Tax Reform

Americans are a hard-working bunch and should keep what they earn. Our ideas for tax reform reduce the burden of taxes while ensuring governments have the resources to focus on core responsibilities.

<p>Americans are a hard-working bunch and should keep what they earn. Our ideas for tax reform reduce the burden of taxes while ensuring governments have the resources to focus on core responsibilities. </p>

For those concerned about Arizona's economic health, there is no more important area for agreement than low tax rates. For as Chief Justice John Marshall once said, "The power to tax involves the power to destroy."

Tax rates often play a key role in determining where individuals and businesses locate. There is a consistent migration of individuals and businesses from high tax areas (the Northeast) to lower tax areas (South and Southwest).

A few weeks ago, officials shut down Loop 202 in Mesa to film a crash scene for the upcoming movie, The Kingdom. The flaming cars were the first tangible results of Arizona's new motion picture tax incentive program which took effect this spring.

Qualifying film production companies are eligible for a corporate income tax credit equal to 10-20 percent of in-state production costs. They are also 100 percent exempt from state and county sales taxes.

Every time I fill up my Toyota Camry, I pay more than $3.00 in state gas tax. Through this tax, the state will collect over $525 million in 2007 to finance highway construction and maintenance. This year, the state will kick in an additional $245 million from the General Fund to pay for accelerated construction. Highways, in short, are not "free"ways. 

Who can forget Augustus Gloop, the robust tike whose voracious appetite led to his demise in the chocolate river. So goes one moral from this timeless story: Gluttony is bad.

Likewise with the Arizona budget. Government programs are devouring every dime in sight. Arizona state government is consuming half-again as many resources as it was ten years ago, growing almost three times faster than per capita personal income. Now, the Governor and legislature propose increasing spending by another 23 and 19 percent respectively over last year.

Arizona Free Enterprise Club responds to Mayor Gordon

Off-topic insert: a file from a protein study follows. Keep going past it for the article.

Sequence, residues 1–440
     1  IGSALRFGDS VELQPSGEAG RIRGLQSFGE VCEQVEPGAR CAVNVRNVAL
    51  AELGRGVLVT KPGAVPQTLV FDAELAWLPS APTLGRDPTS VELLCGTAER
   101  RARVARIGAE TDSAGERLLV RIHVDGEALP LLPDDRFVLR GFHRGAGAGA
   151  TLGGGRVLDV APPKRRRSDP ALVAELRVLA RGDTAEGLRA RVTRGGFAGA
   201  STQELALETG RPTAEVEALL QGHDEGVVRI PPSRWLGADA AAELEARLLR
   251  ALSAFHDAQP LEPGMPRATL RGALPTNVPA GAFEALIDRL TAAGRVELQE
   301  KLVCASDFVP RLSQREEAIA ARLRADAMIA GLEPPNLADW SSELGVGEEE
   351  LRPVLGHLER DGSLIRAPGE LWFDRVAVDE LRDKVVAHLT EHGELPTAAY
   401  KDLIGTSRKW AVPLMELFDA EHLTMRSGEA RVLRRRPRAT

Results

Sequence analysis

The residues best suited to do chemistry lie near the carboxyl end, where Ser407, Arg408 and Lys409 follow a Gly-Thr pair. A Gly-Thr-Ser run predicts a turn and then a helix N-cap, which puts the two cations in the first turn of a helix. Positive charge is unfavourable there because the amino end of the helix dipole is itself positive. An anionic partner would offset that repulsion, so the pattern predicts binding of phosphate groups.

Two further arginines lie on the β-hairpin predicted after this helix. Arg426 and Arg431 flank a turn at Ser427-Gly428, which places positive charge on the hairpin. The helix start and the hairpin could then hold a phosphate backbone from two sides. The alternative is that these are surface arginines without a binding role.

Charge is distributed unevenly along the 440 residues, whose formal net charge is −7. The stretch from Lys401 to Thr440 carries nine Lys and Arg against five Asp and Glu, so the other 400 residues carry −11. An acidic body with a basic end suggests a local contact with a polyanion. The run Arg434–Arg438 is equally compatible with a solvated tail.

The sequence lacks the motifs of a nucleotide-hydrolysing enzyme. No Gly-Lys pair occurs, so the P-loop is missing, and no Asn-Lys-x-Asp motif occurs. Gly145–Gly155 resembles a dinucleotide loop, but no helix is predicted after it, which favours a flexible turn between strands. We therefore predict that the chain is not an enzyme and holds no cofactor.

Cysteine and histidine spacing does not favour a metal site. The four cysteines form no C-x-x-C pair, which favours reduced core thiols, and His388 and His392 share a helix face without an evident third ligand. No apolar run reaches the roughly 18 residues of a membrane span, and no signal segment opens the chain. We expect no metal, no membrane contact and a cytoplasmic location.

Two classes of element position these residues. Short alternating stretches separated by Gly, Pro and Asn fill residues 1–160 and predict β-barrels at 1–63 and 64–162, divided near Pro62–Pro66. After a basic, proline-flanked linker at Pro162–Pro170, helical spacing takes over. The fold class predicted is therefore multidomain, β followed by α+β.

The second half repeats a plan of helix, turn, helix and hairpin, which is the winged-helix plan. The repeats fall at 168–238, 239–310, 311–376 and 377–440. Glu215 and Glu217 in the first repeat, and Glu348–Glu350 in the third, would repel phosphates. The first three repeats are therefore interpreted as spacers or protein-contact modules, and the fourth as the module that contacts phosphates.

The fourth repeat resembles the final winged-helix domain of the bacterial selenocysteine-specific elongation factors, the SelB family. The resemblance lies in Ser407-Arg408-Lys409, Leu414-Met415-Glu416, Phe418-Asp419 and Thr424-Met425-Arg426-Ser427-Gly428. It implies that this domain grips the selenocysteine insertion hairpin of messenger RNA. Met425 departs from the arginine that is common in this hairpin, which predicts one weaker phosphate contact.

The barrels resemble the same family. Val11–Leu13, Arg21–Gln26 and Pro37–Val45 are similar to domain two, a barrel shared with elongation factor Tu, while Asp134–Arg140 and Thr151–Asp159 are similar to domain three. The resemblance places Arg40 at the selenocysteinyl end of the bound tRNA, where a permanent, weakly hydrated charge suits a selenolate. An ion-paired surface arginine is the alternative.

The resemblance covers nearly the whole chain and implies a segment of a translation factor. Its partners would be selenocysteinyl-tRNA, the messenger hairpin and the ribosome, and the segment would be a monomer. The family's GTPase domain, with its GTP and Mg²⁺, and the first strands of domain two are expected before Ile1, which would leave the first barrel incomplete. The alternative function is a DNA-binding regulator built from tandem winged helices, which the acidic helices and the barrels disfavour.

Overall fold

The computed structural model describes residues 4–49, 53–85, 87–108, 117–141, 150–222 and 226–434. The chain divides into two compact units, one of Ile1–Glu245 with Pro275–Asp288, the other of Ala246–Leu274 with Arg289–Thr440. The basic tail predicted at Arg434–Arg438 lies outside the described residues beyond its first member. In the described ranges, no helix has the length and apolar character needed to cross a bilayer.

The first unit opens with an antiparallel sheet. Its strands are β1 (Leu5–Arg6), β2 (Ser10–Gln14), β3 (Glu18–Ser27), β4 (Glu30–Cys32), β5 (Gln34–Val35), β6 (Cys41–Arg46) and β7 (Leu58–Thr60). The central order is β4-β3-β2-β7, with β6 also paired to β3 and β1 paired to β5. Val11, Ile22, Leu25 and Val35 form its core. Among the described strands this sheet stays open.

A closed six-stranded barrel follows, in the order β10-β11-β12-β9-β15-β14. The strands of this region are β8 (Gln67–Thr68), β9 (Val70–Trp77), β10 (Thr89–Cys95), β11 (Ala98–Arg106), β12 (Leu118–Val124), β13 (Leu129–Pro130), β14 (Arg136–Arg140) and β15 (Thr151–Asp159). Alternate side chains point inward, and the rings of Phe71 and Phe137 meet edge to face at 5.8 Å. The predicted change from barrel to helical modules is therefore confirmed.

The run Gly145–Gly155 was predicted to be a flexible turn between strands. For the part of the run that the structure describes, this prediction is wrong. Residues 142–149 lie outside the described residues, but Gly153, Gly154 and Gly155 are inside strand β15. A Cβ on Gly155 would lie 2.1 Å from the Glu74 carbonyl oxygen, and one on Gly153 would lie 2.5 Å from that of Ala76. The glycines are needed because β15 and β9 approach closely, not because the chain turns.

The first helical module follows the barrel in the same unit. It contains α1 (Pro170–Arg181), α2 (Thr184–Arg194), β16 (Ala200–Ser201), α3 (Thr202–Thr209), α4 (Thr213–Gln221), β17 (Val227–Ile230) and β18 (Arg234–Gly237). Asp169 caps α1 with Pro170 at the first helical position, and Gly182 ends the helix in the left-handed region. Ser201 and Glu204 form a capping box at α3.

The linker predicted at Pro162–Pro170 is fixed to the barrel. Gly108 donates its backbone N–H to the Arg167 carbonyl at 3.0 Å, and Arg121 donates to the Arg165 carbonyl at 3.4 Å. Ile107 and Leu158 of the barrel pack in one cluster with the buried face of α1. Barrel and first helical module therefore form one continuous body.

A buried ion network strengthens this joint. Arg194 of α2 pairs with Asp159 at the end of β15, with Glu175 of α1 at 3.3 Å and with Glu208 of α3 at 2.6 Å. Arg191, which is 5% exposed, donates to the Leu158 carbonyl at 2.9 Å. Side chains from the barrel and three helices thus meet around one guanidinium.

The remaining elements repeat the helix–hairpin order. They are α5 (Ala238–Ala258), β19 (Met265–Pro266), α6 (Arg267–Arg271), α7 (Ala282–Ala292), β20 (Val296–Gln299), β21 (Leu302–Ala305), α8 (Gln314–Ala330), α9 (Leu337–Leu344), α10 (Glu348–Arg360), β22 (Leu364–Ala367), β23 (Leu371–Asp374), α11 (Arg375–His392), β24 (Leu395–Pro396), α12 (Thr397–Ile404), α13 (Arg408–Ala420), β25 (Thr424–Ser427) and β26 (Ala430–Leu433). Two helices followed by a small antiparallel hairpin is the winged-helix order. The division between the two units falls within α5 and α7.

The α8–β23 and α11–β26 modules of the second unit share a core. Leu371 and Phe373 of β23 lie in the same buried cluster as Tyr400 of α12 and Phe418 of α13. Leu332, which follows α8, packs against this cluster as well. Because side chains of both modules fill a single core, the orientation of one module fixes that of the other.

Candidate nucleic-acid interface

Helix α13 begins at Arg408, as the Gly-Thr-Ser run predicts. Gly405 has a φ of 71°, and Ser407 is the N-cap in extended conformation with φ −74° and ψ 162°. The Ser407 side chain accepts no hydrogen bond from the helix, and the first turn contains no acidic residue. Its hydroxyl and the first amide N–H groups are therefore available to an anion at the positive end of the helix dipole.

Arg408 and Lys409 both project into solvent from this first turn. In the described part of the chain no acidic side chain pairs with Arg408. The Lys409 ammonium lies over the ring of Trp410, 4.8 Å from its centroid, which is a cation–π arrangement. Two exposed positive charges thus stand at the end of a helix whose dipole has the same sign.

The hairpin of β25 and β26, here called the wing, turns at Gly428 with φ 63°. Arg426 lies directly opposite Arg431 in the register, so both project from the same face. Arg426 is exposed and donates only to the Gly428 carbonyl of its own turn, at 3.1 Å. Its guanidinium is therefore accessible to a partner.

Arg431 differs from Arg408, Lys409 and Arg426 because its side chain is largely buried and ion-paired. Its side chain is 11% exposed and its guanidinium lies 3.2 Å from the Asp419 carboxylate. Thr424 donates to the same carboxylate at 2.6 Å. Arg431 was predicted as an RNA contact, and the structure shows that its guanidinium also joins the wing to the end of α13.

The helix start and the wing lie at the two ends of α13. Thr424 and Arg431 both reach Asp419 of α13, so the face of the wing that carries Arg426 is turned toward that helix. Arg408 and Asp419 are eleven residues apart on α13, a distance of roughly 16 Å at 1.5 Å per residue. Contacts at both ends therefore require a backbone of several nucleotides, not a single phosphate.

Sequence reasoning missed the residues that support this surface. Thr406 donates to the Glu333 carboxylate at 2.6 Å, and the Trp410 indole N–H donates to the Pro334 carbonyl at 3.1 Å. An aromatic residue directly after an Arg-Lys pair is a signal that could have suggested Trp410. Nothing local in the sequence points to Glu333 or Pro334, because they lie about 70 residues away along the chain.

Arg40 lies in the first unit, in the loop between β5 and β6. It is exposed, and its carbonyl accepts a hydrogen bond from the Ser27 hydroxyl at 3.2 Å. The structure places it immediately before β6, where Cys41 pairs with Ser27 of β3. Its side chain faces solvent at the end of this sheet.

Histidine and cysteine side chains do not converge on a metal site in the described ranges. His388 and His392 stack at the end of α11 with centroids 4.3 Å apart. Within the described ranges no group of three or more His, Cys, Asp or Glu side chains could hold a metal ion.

Dear Mayor Gordon:

            Your comments in the Arizona Republic (May 2) about the effect of the proposed income tax cut on Phoenix's distribution of Urban Revenue Sharing (URS) are misleading.

Columbia University President Lee Bollinger kicked up a controversy by arguing for revamping the school’s graduate journalism program curriculum. Bollinger argued that the news media is a vital democratic institution and that journalists require a more rigorous academic education in order to do their job responsibly. Occasionally I read articles which make me think that folks like Bollinger are on to something.

The West is known as a low-tax, business friendly part of the country, and Arizona is no exception. But the truth is four neighboring states have lower corporate income taxes than Arizona: Colorado, Utah, Texas and Nevada.

Arizona’s nearly seven percent corporate income tax rate ranks 29th lowest in the country; which is nice, but no cause for celebration when considering our neighbors. Colorado, Utah and Texas have corporate income tax rates at five percent or lower and Nevada doesn’t have one at all.

Arizonans who pay federal income tax spend 73 days on average working for Washington. Then, they spend another 20 to 40 hours filling out tax forms. Ahh, for the good old days.

Abraham Lincoln imposed the country’s first income tax in 1862 to finance the civil war. After the tax expired numerous attempts were made to reinstate it, all of which were rebuffed. In 1895 the U.S. Supreme Court found the income tax unconstitutional. This Court decision led to the Constitution’s Sixteenth Amendment, the legalization of government directly taking income, in 1913.

Here at the Goldwater Institute a few staff members work to persuade people to voluntarily contribute to the organization. Since the Institute accepts no government funds, it relies wholly on private individuals and foundations to provide the resources to carry out its work promoting principled policy solutions to challenges facing Arizona. That's how it should be.

Giving privately to organizations and causes we believe in is a long-standing American tradition. Such is not the case with the recently passed Phoenix bond package.

Despite writers at the Arizona Republic opining that “The Symington tax cuts kept government from growing at the same pace as the state’s population,” the truth of the matter is overall state spending has increased more than 100 percent’"that’s five times population growth’"since those tax cuts.  Government is now the second largest component of Arizona’s gross product. This is hardly “lean” government.

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